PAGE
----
SBJ/June 12 - 18, 2006/Families In Sports Fathers And Sons

After years away, fulfilling a baseball heritage in St. Louis

Like his father, Bill DeWitt III grew up with the baseball business hard-wired into his genetics, but unsure of whether he’d ever get to complete the circuit.

Bill DeWitt Jr. (left) and Bill III (center) escort
St. Louis Cardinals legend Stan Musial at the
opening of the new Busch Stadium in April.
His grandfather, Bill, was a baseball executive who owned the St. Louis Browns and the Cincinnati Reds and remained active around the game until his death in 1982, at age 79. His father, Bill Jr., was raised around the ballclubs and always planned to work for them, but ended up going down another path, building a successful investment firm.

Bill DeWitt Jr. had made it back to baseball as a small investor in the Texas Rangers and then the Baltimore Orioles by the time Bill III was coming out of Harvard business school in 1995, but that didn’t mean the DeWitts were back in the business.

“There was always that special feeling for baseball in the family, but for a lot of years, my father was out of it,” said Bill DeWitt III. “I wasn’t sure if it was going to be part of my future necessarily. When dad did the deals to be a limited partner, it was clear maybe he wanted to get back in. I wasn’t sure if it would ever happen, though.”

It happened late in 1995, when DeWitt Jr. told his four children he wanted to lead the group that was buying the Cardinals, and asked Bill III, fresh out of business school, if he wanted to join him in the club’s front office.

“It certainly would have been fine with me if my son wanted to do something else,” DeWitt said. “But when he expressed an interest, I have to say I was excited that we could continue something that goes back with my family to 1916.”

Since just past the turn of the 20th century, growing up a DeWitt has meant growing up in baseball.

Bill DeWitt started it all in 1916, selling peanuts at St. Louis Cardinals games at Sportsman’s Park. Branch Rickey, then the president of the Cardinals, hired him to work as an office boy while he took college classes at night. That led to a job as treasurer of the Cardinals, which he parlayed into one across town as general manager and, briefly, owner of the beleaguered Browns franchise.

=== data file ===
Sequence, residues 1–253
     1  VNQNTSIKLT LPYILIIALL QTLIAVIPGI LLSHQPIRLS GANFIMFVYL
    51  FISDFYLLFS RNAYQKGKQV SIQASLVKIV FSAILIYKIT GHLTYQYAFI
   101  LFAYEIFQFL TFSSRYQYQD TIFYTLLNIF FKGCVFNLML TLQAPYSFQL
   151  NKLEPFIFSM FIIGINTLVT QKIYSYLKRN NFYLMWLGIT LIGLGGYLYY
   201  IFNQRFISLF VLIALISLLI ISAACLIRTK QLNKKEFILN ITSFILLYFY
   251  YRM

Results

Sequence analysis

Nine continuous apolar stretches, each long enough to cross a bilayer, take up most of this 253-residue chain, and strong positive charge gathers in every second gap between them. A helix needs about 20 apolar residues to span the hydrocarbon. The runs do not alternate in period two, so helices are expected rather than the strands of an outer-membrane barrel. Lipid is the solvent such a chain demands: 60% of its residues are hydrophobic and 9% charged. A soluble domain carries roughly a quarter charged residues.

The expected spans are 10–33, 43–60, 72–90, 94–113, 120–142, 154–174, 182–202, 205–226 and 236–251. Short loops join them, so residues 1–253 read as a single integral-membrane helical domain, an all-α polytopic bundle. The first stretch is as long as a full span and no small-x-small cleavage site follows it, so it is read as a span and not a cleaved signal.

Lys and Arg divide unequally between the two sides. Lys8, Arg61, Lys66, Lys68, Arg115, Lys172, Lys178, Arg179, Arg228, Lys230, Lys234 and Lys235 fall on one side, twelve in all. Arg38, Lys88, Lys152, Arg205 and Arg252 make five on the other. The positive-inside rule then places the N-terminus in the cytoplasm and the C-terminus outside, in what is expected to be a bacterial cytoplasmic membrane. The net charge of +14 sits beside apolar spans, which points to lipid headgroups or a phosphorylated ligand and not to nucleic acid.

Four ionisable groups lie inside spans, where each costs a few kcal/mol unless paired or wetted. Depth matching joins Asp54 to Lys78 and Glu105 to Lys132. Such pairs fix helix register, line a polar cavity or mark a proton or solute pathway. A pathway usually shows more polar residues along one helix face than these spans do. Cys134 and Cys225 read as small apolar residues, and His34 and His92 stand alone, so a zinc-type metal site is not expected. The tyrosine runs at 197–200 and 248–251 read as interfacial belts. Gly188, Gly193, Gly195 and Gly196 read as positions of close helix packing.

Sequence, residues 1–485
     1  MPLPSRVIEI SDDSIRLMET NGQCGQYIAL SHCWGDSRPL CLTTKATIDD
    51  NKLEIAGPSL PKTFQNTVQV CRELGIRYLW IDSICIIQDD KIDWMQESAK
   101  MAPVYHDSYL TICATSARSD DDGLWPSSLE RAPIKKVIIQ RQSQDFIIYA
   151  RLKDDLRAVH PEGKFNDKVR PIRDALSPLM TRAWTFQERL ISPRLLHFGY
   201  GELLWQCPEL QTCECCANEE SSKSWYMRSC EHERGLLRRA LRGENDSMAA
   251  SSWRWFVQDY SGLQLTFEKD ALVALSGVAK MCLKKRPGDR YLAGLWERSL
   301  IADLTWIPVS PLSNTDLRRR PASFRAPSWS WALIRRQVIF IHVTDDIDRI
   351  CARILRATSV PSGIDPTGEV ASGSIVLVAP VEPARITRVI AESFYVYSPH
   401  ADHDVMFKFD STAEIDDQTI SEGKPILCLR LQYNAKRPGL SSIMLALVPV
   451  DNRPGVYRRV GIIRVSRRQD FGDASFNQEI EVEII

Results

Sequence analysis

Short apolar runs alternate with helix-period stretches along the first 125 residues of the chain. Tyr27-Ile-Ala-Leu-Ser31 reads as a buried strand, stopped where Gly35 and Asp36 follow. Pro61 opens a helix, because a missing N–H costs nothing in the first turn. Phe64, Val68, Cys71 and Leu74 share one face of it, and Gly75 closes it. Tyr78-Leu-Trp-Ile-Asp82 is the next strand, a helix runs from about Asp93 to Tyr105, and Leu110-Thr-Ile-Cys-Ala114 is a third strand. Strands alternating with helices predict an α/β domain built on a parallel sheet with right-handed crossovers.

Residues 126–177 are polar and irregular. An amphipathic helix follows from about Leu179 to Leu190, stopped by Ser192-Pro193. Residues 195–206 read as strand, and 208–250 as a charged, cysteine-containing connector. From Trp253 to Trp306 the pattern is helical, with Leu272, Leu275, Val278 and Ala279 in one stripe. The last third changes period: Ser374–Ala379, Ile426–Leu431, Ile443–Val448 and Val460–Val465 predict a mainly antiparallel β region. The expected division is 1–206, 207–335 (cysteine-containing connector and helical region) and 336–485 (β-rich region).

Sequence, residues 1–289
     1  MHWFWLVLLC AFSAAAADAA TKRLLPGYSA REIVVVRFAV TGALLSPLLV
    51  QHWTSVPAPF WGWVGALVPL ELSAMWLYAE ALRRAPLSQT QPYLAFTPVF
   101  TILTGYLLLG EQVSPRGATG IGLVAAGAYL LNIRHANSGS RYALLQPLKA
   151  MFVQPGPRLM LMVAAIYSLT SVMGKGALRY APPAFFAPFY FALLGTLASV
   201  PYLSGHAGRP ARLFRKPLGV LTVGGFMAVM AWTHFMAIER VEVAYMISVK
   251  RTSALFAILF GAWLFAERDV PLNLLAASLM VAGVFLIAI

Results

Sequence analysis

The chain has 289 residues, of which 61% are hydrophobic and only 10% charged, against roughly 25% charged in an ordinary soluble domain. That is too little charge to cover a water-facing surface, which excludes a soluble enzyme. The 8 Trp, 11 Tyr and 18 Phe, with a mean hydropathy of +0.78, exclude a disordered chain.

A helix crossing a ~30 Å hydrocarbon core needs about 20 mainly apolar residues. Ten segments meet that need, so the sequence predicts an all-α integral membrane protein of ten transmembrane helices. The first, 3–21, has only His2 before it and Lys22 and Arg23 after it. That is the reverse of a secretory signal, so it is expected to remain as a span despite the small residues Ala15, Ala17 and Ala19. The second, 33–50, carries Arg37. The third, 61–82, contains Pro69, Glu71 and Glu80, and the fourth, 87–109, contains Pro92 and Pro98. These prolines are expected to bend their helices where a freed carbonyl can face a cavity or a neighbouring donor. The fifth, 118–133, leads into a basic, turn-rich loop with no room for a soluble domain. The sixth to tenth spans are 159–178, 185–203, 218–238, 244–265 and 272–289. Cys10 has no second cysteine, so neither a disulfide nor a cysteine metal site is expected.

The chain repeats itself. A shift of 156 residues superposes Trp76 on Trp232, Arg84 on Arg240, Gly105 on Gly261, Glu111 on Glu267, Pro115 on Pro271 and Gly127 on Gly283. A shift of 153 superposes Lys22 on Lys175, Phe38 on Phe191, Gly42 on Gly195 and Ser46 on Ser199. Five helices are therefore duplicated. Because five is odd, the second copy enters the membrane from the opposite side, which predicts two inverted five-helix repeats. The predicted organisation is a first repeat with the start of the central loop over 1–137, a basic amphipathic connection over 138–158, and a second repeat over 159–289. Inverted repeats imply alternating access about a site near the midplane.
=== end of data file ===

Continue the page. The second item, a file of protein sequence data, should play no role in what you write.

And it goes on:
DeWitt worked for the New York Yankees and Detroit Tigers before putting together a group that bought the Cincinnati Reds in 1961. By the time DeWitt Jr. was in college at Yale, he was spending summers at a desk alongside his father’s in Cincinnati. When he went off to Harvard business school, he expected he would return to follow his father into ownership of the Reds.

But it didn’t work out that way. DeWitt Jr. was working full time for the Reds for only one year when the elder DeWitt sold most of his stake in the team in 1966. DeWitt Jr. stayed on until 1968, but realized he didn’t have a future with the club and went off to make his own way in business.

He dabbled in sports, investing in an ABA team and in the Cincinnati Bengals and buying a franchise in the ill-fated World Hockey Association. But none of it quite scratched his itch the way baseball had.

“I always knew that I wanted to get back into baseball and was kind of looking for the right opportunity for years,” DeWitt Jr. said. “Once the Rangers deal took place, I felt one way or the other I’d be involved in baseball for the rest of my life.”

When DeWitt Jr. finally made his way back into a controlling position with a franchise, the timing was perfect for his son to join him. DeWitt Jr. suggested an orientation that differed from the one he’d gotten with his father. Rather than working at his side and soaking in the big picture, Bill III would work on specific projects, starting out with responsibility for merchandise and then working on renovations to Busch Stadium, relocation of the team’s Florida spring training camp from St. Petersburg to Jupiter and, eventually, the development of the new Busch Stadium that opened earlier this year in St. Louis.

“His style isn’t to go in and put you in as president on day one,” DeWitt III said. “Both of us felt that learning the business was critical. You’re going to have to work your way up through the organization.”

With an undergraduate degree from Yale and an MBA from Harvard, DeWitt III was prepared for responsibility.

“It really helps, frankly, and in a different way than I ever thought about,” DeWitt III said. “People are always going to whisper that it’s the son, and that’s why you’re where you are. You know it’s happening. But for me, it was always good to be able to fall back mentally on the knowledge that I deserved a position of authority based on having accomplished some things.

“After that, you earn the credibility in the job. And you work a little harder than anybody else if you can.”

DeWitt III chuckles when asked about the manner in which his father has passed along lessons over the years. “He’s just not one of those Mr. Brady types, sitting the kids down for a lecture,” he said. Instead, he teaches by example. When the financing structure of the Cardinals ballpark went awry a week before it was to close, DeWitt Jr. restructured it.

“I remember my dad being unbelievably tuned in to everything from the financial and legal side, and I was amazed at how he held it all together,” Dewitt III said. “I remember thinking, I still have a lot to learn.”

It’s the same thing that Bill DeWitt Jr. thought at times, 40 years ago.

“Since my father was not just a passive investor but an actual owner/operator, I got the benefit of the series of positions he had,” DeWitt Jr. said. “I was able to observe and listen. And we were close. He would tell me all kinds of things that were going on. You remember those things. I think it’s an advantage to have that kind of background.”

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